4. The Council approved a resolution transferring the right-of-way from Boone County to the Town in the Holliday Farms area.  This land, including a bridge, will eventually be used to expand our trail system, but in the meantime we are the proud new owners of a red bridge.
  5. We amended some of our Town employee salaries to better reflect the marketplace.  This was an effort of the Town’s HR department (a department of one) to make sure we’re paying appropriately.  Our employees have a vast wealth of knowledge and are recruited in a tight labor market.  It was important for the Council to make sure they felt they were being paid fairly and in-line with our neighboring communities.  This also introduced pay bands to provide a range of salaries for employees as they gain experience.
  6. Various departments asked for budget appropriations outside the original budget.   Those included:
    1. Salaries to reflect the recently updated ordinance mentioned above for $26,500 (approved).
    2. Paving of the former PNC lot in downtown for $125,000 (continued).
    3. Master planning for the nature preserve for $150,000 (continued).
    4. Master planning for a community center for $125,000 (denied).
    5. New golf cart paths in the public 9-hole golf course for $460,000 (approved).

All our meetings can be attended live or streamed on YouTube (live and archived).  Feel free to join us anytime.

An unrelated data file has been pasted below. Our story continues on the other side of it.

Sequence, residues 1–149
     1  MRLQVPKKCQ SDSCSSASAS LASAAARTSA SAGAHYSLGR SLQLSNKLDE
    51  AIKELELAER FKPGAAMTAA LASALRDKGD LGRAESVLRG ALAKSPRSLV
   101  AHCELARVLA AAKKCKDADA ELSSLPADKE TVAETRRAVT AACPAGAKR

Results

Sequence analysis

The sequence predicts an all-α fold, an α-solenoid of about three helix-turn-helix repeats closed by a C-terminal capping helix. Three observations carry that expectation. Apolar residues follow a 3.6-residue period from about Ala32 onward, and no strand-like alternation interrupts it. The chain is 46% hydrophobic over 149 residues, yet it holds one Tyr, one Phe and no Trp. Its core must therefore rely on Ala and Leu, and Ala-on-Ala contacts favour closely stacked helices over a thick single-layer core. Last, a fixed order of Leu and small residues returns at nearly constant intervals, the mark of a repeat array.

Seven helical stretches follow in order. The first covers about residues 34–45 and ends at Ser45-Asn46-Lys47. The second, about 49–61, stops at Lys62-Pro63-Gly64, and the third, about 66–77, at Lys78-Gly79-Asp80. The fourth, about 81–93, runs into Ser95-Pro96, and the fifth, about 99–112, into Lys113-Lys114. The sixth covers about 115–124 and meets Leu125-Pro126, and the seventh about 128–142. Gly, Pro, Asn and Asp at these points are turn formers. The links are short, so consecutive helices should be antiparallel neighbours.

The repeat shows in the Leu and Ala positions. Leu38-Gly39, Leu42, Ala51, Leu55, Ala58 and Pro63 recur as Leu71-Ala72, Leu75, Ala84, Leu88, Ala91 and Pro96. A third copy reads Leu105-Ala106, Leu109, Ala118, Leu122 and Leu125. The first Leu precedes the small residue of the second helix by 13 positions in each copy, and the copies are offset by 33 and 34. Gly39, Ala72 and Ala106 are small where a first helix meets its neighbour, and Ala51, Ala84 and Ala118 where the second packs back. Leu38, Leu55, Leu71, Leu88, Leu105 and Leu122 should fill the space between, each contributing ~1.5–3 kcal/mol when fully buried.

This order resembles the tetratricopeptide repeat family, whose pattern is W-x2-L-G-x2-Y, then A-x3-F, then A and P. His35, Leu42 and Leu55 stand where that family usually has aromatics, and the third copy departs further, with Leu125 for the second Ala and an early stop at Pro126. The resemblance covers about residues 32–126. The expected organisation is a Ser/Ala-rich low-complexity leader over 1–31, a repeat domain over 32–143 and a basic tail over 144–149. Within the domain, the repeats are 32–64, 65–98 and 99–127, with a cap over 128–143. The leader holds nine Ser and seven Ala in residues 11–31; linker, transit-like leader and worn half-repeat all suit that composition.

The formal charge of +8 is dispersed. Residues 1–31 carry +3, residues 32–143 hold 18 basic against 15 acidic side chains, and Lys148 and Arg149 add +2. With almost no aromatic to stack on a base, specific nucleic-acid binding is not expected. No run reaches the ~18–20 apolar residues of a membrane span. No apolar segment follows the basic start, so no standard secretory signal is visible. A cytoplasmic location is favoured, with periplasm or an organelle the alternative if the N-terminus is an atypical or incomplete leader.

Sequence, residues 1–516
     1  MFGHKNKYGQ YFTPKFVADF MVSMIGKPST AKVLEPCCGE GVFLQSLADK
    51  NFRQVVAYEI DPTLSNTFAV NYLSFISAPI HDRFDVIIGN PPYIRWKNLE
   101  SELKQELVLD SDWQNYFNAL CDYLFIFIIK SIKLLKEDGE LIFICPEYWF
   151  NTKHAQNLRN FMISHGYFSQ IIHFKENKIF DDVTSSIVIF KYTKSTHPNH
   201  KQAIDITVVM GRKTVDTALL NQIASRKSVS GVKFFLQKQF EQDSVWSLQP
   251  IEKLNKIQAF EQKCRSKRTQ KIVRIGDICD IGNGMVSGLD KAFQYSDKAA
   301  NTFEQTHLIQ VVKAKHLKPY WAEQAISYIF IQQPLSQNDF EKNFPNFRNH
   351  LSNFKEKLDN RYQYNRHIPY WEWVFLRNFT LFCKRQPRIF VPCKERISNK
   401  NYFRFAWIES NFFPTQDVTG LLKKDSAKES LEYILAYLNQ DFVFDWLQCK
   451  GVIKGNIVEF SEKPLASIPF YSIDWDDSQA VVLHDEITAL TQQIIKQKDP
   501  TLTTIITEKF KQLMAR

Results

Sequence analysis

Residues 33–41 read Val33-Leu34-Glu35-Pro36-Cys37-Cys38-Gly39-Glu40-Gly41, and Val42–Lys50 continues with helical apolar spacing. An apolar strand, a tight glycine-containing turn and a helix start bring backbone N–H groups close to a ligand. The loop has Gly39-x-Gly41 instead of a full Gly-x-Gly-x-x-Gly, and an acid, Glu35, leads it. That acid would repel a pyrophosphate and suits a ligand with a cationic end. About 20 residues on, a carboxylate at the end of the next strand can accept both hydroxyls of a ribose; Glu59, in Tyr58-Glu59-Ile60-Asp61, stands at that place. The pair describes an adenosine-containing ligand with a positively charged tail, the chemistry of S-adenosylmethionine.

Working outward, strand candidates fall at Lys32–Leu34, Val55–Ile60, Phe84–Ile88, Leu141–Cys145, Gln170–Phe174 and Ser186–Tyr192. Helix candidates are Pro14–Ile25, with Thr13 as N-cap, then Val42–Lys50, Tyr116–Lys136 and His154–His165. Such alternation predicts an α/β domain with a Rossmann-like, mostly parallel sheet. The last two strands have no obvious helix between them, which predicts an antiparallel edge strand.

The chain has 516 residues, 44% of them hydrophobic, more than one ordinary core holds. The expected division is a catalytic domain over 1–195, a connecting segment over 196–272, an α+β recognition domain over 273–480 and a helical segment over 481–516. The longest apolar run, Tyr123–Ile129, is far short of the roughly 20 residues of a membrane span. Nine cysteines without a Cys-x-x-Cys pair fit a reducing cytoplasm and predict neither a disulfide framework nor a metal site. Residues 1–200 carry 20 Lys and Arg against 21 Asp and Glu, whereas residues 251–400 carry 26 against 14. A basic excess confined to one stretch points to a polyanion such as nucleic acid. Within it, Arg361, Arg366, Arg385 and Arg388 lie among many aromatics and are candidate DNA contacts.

Lastly, Zionsville is at 96% vaccine rate!   That’s great, and with the recent approval of the Pfizer shot by the FDA, hopefully many others in Central Indiana where vaccine rates are much lower will be inclined to get their shots too.

Maplelawn Farmstead Harvest Market returns this Fall:

One of Maplelawn’s big fundraisers is the Maplelawn Harvest Market on October 2 for vendors of vintage, antique and handcrafted items.

Up to 40 vendors will be joined by food and drink from Ash & Elm Cider Company and pets for adoption from Boone County Humane Society.

Vendors returning this year include Vintage Naptown and local artist Justin Patton from Storm Striker. New vendors include clothing and jewelry from Art Haus, leather goods from Uptown Commons and knit decor from Yarn Bean. Event organizer and Village resident Chrissie Stacy began the juried event four years ago. Stacy will have her own booth, Brick Lane Home, selling vintage and antique home goods with business partner Jamie Long. 

One new addition to Maplelawn Harvest Market is a Youth Art Sale. For a very minimal booth fee, the community’s youngest entrepreneurs can sell their own creations. Stacy said she was inspired by the creativity from local girl scouts who painted the traffic box at the town’s Main and Sycamore Street entrance. 

“We felt there should be another venue for kids to show what they can do,” she said. 

Maplelawn plans to host a garage sale of donated furniture as well as homemade goods such as jam, honey and hand-stitched aprons. Proceeds from booth fees and garage sale will go directly to restoration of the buildings. 

The Harvest Market runs from 9 a.m. until 3 p.m. 

Maplelawn Farmstead is a Depression-era farm located near Mulberry Park that shows the evolution of farming from the late 1800s through the 1930s.

Conservation District Update:

The proposed ordinance, compatibility standards, a draft boundary map and an updated inventory of historic homes are all located at www.preservezionsville.com. Residents are urged to read it to better understand what this would mean for the Village. A public information meeting is being held at Town Hall September 30 at 6pm.